We will take an in-depth look at each of these components so you can feel comfortable presenting each one to your class.
Most of the time, your lesson will start off with a few fluency activities.
The types of activities used will vary by lesson; however, they always tie into the main skills students will be using. Fluency practice may be easy to skip if you’re short on time, but it is incredibly important.
According to the Common Core, the definition of fluency is “fast and accurate.” With Eureka, this is more than just taking timed tests. The fluency portion of the lesson helps students to quickly and accurately apply strategies for mental math.
There are many different fluency activities, but here are a few examples:
These are just some of the examples of fluency activities that Eureka uses. You have some flexibility with how you use this portion of the lesson - whether you just do a whole group choral response, or get more creative with it is up to you.
However, I do NOT recommend skipping it altogether, as it really is an important part of the lesson. As mentioned before, you do not have to do ALL the activities - simply pick one or two that would be of most value to the class, and focus your time on those activities. Remember to do your best to stick to the suggested time limit.
Some lessons have timed tests called Sprints. However, these are not traditional timed tests in the sense that students are expected to complete a certain number of problems within the time limit. These are just a written form fluency practice.
Each lesson will have 2 sprints - Sprint A and Sprint B. The two sprints are very similar as they practice the same skill, but the problems will be slightly different. The purpose is for students to first complete Sprint A, then check their work, then try to improve their score on Sprint B.
Contrary to how timed tests typically work, students are NOT expected to complete every problem in the time given! Students are only expected to do their best on Sprint A, and then to try to improve on Sprint B. That’s it!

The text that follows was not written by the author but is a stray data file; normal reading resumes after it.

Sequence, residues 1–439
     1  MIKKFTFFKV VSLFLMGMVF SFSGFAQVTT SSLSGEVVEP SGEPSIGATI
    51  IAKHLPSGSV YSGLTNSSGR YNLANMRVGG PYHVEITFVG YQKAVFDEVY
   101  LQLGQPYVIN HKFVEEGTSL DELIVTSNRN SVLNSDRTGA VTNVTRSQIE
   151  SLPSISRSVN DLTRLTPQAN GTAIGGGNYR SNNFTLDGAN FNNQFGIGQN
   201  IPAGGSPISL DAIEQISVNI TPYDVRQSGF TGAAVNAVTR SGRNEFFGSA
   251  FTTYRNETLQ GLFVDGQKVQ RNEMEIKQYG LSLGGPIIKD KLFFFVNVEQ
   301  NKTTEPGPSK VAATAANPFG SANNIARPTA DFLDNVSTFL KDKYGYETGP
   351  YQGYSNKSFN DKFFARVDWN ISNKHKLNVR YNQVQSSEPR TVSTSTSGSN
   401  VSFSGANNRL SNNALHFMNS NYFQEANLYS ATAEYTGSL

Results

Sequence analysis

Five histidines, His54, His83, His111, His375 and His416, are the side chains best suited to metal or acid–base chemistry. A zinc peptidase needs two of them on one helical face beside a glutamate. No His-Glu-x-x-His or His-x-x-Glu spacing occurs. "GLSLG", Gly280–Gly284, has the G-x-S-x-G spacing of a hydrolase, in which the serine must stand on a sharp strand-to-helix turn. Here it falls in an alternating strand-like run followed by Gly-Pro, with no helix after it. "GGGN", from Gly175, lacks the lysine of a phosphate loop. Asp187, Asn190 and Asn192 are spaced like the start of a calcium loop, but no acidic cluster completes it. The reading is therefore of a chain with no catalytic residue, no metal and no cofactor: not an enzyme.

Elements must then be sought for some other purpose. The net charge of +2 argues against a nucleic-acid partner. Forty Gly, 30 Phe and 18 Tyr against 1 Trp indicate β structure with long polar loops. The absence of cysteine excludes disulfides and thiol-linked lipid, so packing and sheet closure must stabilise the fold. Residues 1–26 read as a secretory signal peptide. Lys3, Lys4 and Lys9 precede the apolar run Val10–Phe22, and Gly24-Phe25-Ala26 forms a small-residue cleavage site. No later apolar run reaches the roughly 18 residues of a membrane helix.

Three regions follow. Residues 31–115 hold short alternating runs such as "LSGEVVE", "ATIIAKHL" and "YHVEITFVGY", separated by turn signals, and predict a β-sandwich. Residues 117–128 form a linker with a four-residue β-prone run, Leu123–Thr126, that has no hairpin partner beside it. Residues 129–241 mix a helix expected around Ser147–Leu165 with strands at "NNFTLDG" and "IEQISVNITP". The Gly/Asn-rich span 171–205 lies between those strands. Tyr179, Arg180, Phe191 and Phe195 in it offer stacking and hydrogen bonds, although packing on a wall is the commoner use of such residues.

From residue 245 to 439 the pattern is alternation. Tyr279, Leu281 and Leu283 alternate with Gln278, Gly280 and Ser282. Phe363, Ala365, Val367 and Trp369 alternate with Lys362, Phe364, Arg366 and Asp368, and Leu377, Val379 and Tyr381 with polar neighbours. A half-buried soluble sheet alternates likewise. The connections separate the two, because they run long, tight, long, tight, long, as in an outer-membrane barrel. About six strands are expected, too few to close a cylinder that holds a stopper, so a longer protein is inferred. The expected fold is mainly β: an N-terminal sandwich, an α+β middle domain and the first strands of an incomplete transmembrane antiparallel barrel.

Here is the suggested routine for doing sprints:
It is important to remind students that they are only in competition with themselves. One of the issues with timed tests is that students often feel discouraged if they don’t finish. Therefore, it is critical to really establish a classroom environment where all students understand that they are not expected to finish - only to do their best. This is the key to making sure your sprints are successful!
Successful Fluency Practice
One of the most important things to remember with the Eureka lessons is to customize them to meet your students’ needs, and to stick to the time suggestions. Remember that more is given to you than you can reasonably complete in an hour. Choose the aspects of the fluency practice that would be most beneficial to your students, and stick with those.
Also realize that while the activities are very scripted and give you numbers to use for the fluency activities, you do not have to stick with those numbers! Feel free to do more or less as needed for your class. Customization is key with Eureka!
Next time, we’ll talk about the another important component of Eureka lessons: the application problem.
- Classroom Teacher
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